This Tuesday, Sept. 3, 1996, photo shows, from left, Gini Barrett, of the Alliance of Motion Picture and Television Producers, Councilwoman Rita Walters, Frank Scherma, of the Association of Independent Commercial Producers, and Cody Cluff, of the Entertainment Industry Development Council, address the media at a news conference at Los Angeles City Hall. The group announced sanctions against Propaganda Films stemming from a deadly helicopter accident. (Frank Weise/AP)

“As a civil-rights advocate and the first Black woman to be elected to L.A. City Council, Ms. Walters was not only a pillar to this community but a model public servant. She inspired the minds of future generations of women of color to strive for their dreams and accomplish their goals regardless of their adversities,” said Supervisor Mark Ridley-Thomas.

“My sincerest condolences go out to the family and friends of Rita Walters. My heart breaks for the community she so diligently served on the City Council and the Library Commission for over 15 years.”

“The passing of Rita Walters represents the passing of an era, the loss of a community icon, and a champion for educational excellence in the LAUSD,” said LAUSD Board Member George J. McKenna III. “She was also a model for all who sought equality and justice in many arenas.”

On Monday, February 17, Rita Walters passed away while in hospice care from Alzheimer’s disease. The 89-year-old paved an impressive road of firsts and civil rights activity with her life.

Born in Chicago, Illinois, Walters moved with her parents and family to Kansas. The oldest of five children, her father was a pullman porter and her mother cleaned houses. Later on, she attended and graduated from Shaw University and eventually earned an MBA from the UCLA Anderson School of Management.

She moved to Los Angeles in the 1950s, where she met her husband, Wilbur E. Walters. She found work as a clerk for the probation department. After teaching for a while, Walters would eventually run for a seat on the school board, but didn’t win until the third time. While on the school board, she fought for the busing program and placing Black students in schools in unintegrated areas.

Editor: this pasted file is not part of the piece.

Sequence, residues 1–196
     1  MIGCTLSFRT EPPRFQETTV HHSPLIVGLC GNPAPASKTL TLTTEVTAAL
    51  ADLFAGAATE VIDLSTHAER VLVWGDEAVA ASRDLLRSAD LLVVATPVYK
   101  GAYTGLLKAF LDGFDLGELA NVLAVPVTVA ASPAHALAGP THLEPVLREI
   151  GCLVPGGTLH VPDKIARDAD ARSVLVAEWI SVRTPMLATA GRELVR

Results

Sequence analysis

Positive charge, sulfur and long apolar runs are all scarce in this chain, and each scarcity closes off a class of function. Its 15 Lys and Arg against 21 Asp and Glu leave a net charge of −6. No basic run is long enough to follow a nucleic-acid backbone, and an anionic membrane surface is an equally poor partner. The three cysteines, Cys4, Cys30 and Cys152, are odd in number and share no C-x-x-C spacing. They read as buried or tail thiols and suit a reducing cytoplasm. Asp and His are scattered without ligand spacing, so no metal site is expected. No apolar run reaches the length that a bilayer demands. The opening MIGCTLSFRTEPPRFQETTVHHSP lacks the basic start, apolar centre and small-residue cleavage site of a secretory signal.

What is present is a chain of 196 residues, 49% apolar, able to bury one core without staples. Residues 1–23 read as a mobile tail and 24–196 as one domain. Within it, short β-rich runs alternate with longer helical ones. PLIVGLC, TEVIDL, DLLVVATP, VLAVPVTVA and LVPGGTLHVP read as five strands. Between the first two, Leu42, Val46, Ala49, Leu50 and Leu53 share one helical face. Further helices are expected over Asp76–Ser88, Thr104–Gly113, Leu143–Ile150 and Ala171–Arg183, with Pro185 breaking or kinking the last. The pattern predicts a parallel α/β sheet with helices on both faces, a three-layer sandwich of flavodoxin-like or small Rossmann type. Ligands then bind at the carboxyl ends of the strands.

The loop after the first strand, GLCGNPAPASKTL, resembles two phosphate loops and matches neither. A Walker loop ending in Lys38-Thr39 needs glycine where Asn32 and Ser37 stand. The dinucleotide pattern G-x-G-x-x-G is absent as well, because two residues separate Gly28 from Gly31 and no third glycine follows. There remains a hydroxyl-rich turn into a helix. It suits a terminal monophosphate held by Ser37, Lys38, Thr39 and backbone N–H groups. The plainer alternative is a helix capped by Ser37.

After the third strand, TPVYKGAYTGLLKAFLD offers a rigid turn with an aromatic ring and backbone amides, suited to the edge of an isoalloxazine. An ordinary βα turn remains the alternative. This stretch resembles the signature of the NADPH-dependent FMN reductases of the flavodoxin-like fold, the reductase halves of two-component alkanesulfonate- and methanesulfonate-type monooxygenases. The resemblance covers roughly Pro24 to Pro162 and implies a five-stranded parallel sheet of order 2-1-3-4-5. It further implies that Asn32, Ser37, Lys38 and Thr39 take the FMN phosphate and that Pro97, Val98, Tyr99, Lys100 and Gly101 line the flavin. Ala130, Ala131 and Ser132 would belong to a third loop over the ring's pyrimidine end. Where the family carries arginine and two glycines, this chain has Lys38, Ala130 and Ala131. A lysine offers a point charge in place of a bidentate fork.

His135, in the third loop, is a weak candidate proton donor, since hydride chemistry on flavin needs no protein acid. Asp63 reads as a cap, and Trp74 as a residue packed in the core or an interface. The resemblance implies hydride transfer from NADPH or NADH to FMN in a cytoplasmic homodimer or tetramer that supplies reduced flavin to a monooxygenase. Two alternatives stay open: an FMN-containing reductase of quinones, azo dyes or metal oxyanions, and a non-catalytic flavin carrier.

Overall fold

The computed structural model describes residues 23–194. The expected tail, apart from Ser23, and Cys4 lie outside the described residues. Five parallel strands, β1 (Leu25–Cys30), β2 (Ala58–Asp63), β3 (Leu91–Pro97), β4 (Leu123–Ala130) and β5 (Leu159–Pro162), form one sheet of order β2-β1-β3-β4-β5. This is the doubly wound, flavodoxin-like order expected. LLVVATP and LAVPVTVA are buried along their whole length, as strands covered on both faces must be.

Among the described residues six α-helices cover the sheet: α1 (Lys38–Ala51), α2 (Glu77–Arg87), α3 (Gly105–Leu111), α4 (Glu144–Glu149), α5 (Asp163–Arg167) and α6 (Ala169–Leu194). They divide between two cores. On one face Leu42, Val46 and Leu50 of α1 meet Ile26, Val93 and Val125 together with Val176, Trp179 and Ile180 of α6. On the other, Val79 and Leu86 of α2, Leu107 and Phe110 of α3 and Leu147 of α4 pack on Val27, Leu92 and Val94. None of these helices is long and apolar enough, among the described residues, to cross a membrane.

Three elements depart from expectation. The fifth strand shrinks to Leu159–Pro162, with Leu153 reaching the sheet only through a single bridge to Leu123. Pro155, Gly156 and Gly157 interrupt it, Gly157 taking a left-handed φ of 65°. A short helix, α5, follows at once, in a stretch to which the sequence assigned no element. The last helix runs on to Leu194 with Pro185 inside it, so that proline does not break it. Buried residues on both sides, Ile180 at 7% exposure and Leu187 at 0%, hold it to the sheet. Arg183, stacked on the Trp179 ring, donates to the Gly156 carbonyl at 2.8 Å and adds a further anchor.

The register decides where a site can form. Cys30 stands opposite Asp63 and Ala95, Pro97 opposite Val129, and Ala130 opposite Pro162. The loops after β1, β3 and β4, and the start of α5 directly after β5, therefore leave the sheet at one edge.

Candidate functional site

Walters, served on the LAUSD board for more than a decade before being elected to the City Council. She went on to be the first Black woman elected to the Los Angeles City Council filling the 9th District seat left vacant by the 1990 death of Councilman Gilbert Lindsay.

On the city council, she raised her voice against police brutality, fought for economic empowerment and making sure her district was being served. She also chaired the Arts, Health and Humanities Committee, which reviewed matters related to the Library Department for the City Council.

“Sad to hear of the passing of Rita Walters, a model public servant who served our city passionately on the City Council and the Library Commission,” Mayor Eric Garcetti said in a statement. “Her leadership planted the seeds that have enabled downtown to blossom. My thoughts are with her loved ones during this time.”

(Courtesy photo)

“Rita was my friend and colleague with whom I collaborated for many years, through the days of school desegregation, student busing, staff integration and administrative leadership in schools who represent the culture of the students and parents,” said McKenna.

“She was a giant, not only as an elected official, but also as a dedicated community leader and parent advocate. She will be missed, and cannot be replaced, only emulated. I am honored to sit in her Board Seat.”

“To my dear friend and fellow City Council colleague, may you rest in peace. To her family, my thoughts and prayers are with you. May God continue to bless you and keep you during this difficult time,” said Ridley-Thomas.